He said that often after college, artists take non-artistic jobs to pay the bills and before they know it, they’re applying to dental hygienist school.

“The big trap of art school education is that we’re shown these amazing things, experience and grow so much, are put out into the world with amazing ideas, but are now reliant on media we can longer afford and put into a workforce that no longer provides opportunities for working artists,” Murphy said.

Upon graduation in 2013, Murphy moved to New York and worked as an assistant to a well-known photographer. He said the demands of New York take a toll after a while, and that you spend a lot time trying to survive and less time on your art.

However, Murphy feels his time there has taught him to prioritize and work as hard as he can.

Murphy said a huge challenge for him was transitioning from college to professional life. The availability of equipment he needs for his photography became a huge issue.

“To be able to make art at the quality I was making it, at a university with a huge budget, [has been an adjustment],” Murphy said.

New York did not claim Murphy for long. He moved back to Atlanta this past summer and works as the collection manager and art preparator for the Sir Elton John Photography Collection.

Murphy defined attaining success as in the art world when he can comfortably live off his creative practice alone. His work is displayed on his website.

“Success is always in the eye of the beholder. I think for me, monetary and professional success is hand in hand with your creative success. As an artist, what makes the difference between a passion, hobby and career is being able to live off it,” Murphy said.

Shindelman and Michael Ross, a master's of fine arts candidate in painting at Lamar Dodd, shared Murphy’s sentiment. Ross spent three semesters at MICA before he left, feeling the need to explore and learn about the world and his place in it.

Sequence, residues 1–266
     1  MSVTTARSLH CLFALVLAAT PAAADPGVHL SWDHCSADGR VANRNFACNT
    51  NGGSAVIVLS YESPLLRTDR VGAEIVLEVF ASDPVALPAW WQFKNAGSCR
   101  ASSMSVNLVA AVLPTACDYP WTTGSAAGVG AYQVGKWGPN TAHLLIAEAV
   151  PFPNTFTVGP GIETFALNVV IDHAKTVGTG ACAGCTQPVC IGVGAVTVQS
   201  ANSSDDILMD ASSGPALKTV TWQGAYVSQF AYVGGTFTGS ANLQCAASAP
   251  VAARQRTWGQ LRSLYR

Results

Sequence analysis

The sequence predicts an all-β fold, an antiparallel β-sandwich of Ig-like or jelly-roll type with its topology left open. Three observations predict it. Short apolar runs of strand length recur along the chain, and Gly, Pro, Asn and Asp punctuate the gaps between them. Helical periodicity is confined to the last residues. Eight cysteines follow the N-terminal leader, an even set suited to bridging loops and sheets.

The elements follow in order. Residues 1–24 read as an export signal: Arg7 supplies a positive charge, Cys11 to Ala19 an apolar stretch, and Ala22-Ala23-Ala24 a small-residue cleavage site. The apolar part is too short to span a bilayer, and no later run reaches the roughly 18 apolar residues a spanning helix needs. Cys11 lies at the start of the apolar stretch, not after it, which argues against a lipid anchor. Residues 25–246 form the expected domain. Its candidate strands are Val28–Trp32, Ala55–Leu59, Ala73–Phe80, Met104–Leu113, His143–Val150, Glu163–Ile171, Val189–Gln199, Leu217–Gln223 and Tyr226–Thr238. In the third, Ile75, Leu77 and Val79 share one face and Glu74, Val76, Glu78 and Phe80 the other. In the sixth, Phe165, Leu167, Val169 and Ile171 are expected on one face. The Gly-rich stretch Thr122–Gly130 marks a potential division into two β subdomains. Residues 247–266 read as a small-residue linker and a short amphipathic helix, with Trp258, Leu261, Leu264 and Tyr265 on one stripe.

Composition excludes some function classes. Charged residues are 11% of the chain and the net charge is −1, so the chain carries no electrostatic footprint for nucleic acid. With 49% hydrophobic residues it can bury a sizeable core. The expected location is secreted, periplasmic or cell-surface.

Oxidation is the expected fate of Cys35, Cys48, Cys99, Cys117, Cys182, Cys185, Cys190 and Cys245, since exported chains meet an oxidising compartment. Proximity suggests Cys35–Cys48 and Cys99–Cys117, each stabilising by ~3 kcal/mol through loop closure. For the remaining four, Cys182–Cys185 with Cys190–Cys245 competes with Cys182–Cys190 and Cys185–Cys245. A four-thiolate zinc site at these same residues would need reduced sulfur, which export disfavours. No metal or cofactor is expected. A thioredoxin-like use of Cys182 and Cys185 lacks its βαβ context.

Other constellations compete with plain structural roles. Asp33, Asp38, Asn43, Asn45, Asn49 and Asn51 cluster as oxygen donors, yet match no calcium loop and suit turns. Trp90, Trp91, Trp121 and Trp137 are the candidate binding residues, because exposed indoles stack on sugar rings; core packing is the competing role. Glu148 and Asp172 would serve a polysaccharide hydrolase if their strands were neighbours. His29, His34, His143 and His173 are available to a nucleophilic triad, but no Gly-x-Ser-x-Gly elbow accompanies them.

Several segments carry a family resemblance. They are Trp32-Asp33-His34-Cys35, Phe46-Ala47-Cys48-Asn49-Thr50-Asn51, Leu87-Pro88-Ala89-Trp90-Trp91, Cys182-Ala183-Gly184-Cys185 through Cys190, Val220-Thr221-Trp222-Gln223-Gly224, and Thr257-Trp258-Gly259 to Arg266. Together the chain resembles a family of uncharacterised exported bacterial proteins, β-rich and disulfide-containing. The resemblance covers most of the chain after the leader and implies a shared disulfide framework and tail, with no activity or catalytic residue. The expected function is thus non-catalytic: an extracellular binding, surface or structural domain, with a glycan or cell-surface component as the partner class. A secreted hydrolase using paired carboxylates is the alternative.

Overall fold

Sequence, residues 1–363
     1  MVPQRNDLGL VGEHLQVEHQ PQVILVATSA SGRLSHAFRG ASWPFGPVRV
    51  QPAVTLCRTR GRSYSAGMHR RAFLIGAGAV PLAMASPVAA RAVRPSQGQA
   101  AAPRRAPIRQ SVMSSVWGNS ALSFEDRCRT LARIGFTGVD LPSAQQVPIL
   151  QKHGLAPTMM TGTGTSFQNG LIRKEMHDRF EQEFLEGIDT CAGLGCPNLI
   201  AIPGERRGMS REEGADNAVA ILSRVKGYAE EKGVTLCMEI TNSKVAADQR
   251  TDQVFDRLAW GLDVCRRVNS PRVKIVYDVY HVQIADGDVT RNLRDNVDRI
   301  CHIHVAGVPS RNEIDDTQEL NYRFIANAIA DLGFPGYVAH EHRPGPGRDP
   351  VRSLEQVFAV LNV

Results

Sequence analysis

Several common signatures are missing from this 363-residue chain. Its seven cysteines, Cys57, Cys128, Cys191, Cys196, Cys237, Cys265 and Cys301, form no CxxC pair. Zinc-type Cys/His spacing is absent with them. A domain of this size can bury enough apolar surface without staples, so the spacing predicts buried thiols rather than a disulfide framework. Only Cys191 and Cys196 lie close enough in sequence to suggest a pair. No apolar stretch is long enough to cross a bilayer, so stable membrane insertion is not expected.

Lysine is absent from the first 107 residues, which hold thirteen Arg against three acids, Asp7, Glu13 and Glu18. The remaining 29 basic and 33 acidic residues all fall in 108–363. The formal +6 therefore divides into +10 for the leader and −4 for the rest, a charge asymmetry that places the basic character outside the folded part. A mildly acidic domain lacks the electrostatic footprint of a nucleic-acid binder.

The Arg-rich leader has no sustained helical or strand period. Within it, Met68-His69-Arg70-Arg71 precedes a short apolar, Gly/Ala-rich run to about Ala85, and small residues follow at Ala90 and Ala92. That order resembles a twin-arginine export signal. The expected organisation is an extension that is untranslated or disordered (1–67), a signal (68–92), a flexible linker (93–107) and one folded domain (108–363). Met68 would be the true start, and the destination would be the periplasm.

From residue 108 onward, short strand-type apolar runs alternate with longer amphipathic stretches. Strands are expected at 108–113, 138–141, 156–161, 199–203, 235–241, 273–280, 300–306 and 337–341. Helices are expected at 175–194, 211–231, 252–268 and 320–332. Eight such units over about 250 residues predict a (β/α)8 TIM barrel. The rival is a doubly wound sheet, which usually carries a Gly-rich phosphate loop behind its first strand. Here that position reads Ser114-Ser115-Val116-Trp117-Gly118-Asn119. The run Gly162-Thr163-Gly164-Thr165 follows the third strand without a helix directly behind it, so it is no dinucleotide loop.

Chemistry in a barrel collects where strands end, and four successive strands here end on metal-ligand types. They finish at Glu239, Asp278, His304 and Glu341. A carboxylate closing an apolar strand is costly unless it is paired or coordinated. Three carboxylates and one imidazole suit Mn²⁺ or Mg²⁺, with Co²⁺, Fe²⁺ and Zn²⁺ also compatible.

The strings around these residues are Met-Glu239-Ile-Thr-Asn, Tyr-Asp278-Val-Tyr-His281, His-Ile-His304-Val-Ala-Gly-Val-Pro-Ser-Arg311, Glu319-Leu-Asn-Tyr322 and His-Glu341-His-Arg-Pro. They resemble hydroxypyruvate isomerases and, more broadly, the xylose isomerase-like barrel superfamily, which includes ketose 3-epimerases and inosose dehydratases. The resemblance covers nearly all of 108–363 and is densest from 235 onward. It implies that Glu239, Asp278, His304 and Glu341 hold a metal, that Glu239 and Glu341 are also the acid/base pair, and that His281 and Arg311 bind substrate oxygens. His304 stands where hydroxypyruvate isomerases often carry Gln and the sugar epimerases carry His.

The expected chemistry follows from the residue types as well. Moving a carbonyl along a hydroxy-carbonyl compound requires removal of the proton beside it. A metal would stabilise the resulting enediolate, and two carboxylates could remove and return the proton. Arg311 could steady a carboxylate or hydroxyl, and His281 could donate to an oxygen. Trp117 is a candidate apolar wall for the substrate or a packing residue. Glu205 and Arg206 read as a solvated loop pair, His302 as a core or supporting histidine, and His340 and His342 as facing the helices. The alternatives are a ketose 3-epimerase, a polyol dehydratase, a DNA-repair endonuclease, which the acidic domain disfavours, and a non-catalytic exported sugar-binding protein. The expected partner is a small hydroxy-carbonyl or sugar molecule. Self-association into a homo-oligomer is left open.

He earned his undergraduate degree in anthropology and after a decade, picked up where he left off in his art training.

“Just studying art is not enough. You need to have something to paint about, to fill the well,” Ross said.

It has been 12 years since Ross has been in school. In that time, Ross worked as a carpenter and art teacher to support himself while he continued his art practice. Those 12 years allotted Ross time to travel the world, filling his painter’s palette for his return to the canvas.

“I always knew I would return to painting,” Ross said, “I think we live in a competitive and noisy world in general, and that artists feel they have to be loud to be heard, but you need time in solitude to connect with your work.”

Ross poses next to his painting "Magnolia Grove." (Photo/Molly Golderman)

A painter at heart, Ross had no intention of continuing a career as a carpenter. He choose instead to return to school to hone his skills as an artist. His work can be viewed at the Branded Butcher in downtown.

Ross is in the midst of co-curating an installation in the Lamar Dodd bridge gallery. There will be an opening reception on Jan. 18.

“Grad school is a time away from the pressures of the real world. I don’t have to worry about making a living for two or three years,” Ross said, “Outside of grad school, you don’t have as many voices out of the studio. Sometimes, you unconsciously adopt the role of salesman, because people who come to your studio might buy your work.”

Ross said there is a community in the art school that has been highly valuable for his art process.

“I haven’t talked about my work so much in the last 10 years as I have in the last two,” Ross said.